By all accounts, it should be. Born in a humble family in New Delhi, the National-Award winning actor had an impossible journey, filled with personal setbacks and hard-fought professional triumph. She remembers growing up with a strict mother, the dynamic of a relationship she keeps revisiting with gratitude and regret. After pursuing M.Phil in Sanskrit, she enrolled herself in the National School of Drama, discovering her passion for acting. In 1981 she shifted to Bombay, while playing a small part in Richard Attenborough’s Gandhi. Her struggle began.
If candour has evolved as her second nature over the years, there is plenty on display here. The actor recollects her past with fuss-free detailing– her first crush which was crushed by her mother, facing abuse from a trusted source (a doctor), dating a Bengali boy while in college and marrying him on a whim just so that they could visit Srinagar. They divorced soon, harbouring no bitterness. That this is not documented anywhere and yet included in the book, makes a compelling case for her honesty.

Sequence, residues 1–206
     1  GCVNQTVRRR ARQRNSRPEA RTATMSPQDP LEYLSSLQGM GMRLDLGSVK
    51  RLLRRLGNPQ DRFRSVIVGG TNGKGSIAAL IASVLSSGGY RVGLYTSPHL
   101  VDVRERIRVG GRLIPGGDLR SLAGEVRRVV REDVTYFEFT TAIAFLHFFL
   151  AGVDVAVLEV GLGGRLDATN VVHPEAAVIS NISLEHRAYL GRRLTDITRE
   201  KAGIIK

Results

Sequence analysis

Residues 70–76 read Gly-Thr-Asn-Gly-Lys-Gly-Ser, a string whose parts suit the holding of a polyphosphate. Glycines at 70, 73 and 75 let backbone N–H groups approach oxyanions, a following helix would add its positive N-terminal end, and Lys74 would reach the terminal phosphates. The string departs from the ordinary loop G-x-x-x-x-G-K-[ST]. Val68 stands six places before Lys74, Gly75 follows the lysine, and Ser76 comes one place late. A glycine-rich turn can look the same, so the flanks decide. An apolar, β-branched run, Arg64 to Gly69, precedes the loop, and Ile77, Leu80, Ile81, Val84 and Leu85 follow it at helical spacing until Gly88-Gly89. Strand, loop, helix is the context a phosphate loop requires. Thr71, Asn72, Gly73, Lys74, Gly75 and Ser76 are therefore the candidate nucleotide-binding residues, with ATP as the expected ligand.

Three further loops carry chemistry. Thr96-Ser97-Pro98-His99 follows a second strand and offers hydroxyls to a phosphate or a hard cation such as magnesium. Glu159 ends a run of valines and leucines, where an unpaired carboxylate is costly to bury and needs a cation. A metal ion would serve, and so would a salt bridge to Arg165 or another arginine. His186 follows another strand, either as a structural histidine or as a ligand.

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Divided into five parts, Sach Kahun Toh, unfolds chronologically, spotlighting her growing up years in Delhi, life in Bombay, giving birth to daughter Masaba, downslide and resurgence of career, and ultimately in the last section, she dedicates each of the five chapters to her immediate family members — mother, father, brother, daughter and husband. By the time she arrives at How I Met Vivian, the details are kept to the minimum — ”I’m going to pause here to request you, dear readers, to please understand why I am keeping the details in this chapter to a bare minimum,” she writes.
One can read this as safeguarding privacy but another way of looking at it is as an act of defiance. For years, Neena Gupta’s public perception was coloured with details of this relationship, derailing conversations about her work, shrinking her achievements. And yet, as the book shows, the affair was an incident in her life. Her life was not this incident. This refusal to expand, without belittling its importance, becomes her way of reclaiming her narrative.